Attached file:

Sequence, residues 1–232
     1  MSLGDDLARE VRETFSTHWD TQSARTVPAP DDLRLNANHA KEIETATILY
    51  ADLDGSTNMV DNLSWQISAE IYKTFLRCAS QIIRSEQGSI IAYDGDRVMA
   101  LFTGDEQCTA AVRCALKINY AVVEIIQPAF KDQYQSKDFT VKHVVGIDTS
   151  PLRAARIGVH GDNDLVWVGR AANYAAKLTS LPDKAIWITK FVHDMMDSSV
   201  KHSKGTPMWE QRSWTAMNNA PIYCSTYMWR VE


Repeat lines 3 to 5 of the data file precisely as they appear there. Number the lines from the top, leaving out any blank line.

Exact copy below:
    51  ADLDGSTNMV DNLSWQISAE IYKTFLRCAS QIIRSEQGSI IAYDGDRVMA
   101  LFTGDEQCTA AVRCALKINY AVVEIIQPAF KDQYQSKDFT VKHVVGIDTS
   151  PLRAARIGVH GDNDLVWVGR AANYAAKLTS LPDKAIWITK FVHDMMDSSV